To aid in further discussions, the frequently used symbols are listed as follows:: a security parameter, (),: the public key,: the master secret signing key,: indices of the time period,: the initial key,: the secret key for time period ,: a partial secret key,: shop ’s bid information and identity,: customer ’s requirement and identity,: an implementation of the undetachable signing function for time period ,: the auxiliary function of ,: message (usually a contract),: an undetachable signature,: a prime number,, : two cyclic groups whose orders are both ,: a generator of ,: a bilinear pairing from to .

3.2. Workflow of Using a KIUDS Scheme

First, a trusted authority, for example, a certification authority or a key distribution center, should publish all public parameters of the cryptosystem to all participants. The trusted authority then generates cryptographic keys for all participants by running the algorithm ; and the private key (i.e., the master key and the initial key) of each participant is sent via a correspondingly secure communication channel. The customer stores the private signing key in a physically secure device. Day-to-day cryptographic operations are performed by an insecure device (e.g., the customer’s PC) which periodically refreshes its key by interacting with the secure device using key update algorithms ( and ).

When a customer wants a mobile agent to do the shopping, the customer runs the algorithm to prepare the mobile agent before it starts migrating. The mobile agent then begins migrating to search for shops that are willing to satisfy the customer’s requirement.

Finally, anyone can check the validity of a contract by using the algorithm.

Figure 6 illustrates the workflow of using the algorithms in the proposed scheme.

Figure 6: Overall workflow of a KIUDS scheme.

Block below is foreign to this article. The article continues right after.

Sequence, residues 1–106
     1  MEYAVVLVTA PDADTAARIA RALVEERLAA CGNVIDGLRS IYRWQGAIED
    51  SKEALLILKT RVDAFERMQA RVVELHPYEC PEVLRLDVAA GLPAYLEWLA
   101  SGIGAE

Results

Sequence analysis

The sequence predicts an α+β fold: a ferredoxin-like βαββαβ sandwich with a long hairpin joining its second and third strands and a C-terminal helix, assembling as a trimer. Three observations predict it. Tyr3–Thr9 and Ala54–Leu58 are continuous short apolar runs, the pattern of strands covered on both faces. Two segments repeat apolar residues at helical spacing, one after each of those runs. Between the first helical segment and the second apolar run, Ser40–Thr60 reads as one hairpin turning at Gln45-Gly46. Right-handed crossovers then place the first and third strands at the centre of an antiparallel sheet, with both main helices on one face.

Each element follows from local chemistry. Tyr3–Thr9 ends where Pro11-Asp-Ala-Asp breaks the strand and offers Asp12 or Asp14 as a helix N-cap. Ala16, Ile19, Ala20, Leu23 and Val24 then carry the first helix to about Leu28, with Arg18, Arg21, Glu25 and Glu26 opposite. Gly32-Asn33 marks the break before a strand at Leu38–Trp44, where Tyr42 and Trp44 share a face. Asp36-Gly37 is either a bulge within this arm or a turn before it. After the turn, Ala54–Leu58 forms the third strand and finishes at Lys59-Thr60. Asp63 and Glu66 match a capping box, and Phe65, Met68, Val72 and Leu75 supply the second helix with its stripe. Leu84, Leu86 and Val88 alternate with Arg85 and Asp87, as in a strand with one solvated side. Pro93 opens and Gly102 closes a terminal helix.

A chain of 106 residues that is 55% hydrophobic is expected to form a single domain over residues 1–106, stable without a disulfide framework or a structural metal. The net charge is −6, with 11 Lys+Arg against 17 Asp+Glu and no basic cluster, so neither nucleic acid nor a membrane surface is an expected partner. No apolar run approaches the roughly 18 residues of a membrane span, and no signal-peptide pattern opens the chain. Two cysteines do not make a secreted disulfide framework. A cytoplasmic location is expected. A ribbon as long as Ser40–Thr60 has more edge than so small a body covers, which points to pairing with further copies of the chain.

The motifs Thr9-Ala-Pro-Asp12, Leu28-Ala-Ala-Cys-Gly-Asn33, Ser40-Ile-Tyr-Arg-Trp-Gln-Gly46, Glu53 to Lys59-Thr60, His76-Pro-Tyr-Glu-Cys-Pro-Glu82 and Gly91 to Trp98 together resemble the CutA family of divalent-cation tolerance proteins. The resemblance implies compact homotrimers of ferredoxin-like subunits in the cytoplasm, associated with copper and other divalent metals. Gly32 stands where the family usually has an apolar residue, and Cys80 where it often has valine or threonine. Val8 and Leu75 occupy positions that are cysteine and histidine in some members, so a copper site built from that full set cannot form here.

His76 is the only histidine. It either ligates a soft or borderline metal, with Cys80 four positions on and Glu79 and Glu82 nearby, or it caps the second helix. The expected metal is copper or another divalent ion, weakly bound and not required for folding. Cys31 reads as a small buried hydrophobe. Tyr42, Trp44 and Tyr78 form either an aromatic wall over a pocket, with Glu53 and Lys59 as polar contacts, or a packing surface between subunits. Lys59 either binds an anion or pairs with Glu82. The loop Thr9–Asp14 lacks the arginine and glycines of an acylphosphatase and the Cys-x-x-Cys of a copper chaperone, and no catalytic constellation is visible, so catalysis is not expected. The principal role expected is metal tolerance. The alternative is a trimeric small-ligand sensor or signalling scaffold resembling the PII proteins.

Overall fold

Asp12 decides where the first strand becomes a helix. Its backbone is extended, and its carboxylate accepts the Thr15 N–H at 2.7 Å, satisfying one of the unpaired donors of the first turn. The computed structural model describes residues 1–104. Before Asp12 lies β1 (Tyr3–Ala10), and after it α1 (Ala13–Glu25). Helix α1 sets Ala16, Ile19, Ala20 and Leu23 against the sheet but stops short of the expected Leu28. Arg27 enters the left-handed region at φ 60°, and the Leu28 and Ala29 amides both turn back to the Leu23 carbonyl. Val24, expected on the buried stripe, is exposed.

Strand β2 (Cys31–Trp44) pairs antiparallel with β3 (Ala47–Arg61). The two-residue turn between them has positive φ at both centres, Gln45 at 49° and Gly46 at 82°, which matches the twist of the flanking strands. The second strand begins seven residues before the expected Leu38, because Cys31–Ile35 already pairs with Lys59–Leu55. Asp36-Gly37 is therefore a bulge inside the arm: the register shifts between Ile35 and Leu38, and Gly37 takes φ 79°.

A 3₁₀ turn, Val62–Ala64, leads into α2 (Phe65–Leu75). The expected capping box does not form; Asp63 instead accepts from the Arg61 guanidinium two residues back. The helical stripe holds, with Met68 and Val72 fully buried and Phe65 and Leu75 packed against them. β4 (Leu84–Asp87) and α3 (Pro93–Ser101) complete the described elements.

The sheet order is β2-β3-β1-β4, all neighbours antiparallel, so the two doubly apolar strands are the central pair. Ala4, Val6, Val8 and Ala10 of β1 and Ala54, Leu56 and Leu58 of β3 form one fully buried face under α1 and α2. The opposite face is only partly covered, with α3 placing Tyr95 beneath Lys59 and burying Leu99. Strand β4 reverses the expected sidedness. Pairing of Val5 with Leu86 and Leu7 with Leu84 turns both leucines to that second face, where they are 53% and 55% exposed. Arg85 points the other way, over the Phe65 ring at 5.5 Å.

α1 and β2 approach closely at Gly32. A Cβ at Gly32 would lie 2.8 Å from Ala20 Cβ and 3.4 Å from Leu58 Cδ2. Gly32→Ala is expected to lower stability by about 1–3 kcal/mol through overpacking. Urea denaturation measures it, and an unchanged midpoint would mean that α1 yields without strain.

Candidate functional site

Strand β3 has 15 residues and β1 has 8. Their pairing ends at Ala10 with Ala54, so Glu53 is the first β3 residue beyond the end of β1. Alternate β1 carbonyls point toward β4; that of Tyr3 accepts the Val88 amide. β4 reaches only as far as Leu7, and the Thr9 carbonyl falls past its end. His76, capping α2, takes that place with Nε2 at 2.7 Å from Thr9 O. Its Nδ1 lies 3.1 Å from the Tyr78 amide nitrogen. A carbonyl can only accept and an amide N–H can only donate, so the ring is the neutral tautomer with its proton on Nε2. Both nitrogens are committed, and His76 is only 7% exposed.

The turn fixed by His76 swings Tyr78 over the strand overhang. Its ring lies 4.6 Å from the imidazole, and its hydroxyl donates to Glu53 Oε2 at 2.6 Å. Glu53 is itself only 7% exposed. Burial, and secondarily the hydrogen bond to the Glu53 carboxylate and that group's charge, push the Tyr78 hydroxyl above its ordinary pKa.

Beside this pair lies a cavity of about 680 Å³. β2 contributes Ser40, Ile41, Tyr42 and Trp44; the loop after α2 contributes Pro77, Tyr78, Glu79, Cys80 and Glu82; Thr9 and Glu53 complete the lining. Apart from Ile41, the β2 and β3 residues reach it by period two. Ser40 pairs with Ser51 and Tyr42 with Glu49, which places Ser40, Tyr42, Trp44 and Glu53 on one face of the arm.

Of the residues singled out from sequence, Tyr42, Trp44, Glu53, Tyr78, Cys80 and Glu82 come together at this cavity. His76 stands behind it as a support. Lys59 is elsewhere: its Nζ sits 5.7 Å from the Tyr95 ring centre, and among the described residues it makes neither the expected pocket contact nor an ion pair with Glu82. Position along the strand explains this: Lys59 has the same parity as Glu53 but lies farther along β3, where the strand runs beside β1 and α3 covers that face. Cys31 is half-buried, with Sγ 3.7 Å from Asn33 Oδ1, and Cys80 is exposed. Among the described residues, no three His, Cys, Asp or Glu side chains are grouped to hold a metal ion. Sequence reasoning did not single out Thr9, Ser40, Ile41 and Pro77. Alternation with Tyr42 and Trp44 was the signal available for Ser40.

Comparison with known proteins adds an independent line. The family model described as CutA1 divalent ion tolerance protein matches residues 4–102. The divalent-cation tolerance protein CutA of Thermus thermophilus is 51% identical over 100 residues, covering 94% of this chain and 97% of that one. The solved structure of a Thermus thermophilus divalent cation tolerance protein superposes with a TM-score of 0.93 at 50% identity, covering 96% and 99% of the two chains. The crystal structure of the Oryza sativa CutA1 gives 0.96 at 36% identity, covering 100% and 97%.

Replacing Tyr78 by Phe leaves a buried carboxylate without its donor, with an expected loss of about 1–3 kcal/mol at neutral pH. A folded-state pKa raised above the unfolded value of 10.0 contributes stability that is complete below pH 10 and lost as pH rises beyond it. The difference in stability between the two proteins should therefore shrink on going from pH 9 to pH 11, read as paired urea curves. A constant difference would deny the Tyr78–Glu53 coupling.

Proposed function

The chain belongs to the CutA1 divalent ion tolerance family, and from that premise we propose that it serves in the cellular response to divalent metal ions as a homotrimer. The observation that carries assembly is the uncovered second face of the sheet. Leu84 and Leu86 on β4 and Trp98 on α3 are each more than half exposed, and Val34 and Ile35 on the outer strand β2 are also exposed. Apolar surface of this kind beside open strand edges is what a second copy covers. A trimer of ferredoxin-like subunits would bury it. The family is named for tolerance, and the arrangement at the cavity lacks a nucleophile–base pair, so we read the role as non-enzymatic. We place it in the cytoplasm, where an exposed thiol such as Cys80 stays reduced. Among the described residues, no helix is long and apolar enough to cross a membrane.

3.3. Security Model and Security Notion

A KIUDS scheme differs from conventional digital signature schemes, as do its security model and security notion. However, the starting point of the discussion of the security model of KIUDS schemes is still the classical security model of conventional digital signature schemes.

There are four subclasses of known-message attacks against digital signature schemes [29]: the plain known-message attack, the generic chosen-message attack, the oriented chosen-message attack, and the adaptively chosen-message attack (ACMA). ACMA is the most dangerous scenario because the adversary is supposed to have such privilege, asking the signer to sign any message that he wants and then adapting his queries according to previous message-signature pairs.

The expected results of an attack are classified as follows [30]: (1) disclosing the secret key of the signer; (2) constructing an efficient algorithm which is able to sign any message; and (3) providing a new message-signature pair. The third category is called existential forgery. In many cases this attack is not dangerous because the output message is likely to be meaningless. Nevertheless, a signature scheme which is not existentially unforgeable (and thus that admits existential forgeries) cannot be used to certify random-looking elements such as keys.

Besides the attack model of ACMA, the following three security threats must be included in the attack model of KIUDS schemes.(1)Implementation Exposures. A shop owner is capable of obtaining the implementation of . This corresponds to an attack from malicious hosts. Note that an implementation exposure indicates ACMA because can run the implementation of the signing algorithm.(2)Key Exposures. In some time periods, an attacker may break the defense system of a customer’s computer and extract the corresponding signing key from the disk or memory.(3)Adaptively Chosen-Restriction Attack. This attack is an extension of the first threat. Consider the case where a friend () of customer asks to purchase an item. The restriction of an undetachable signature is probably set up by instead of . Then, if colludes with a shop owner, is also capable of obtaining the implementation of .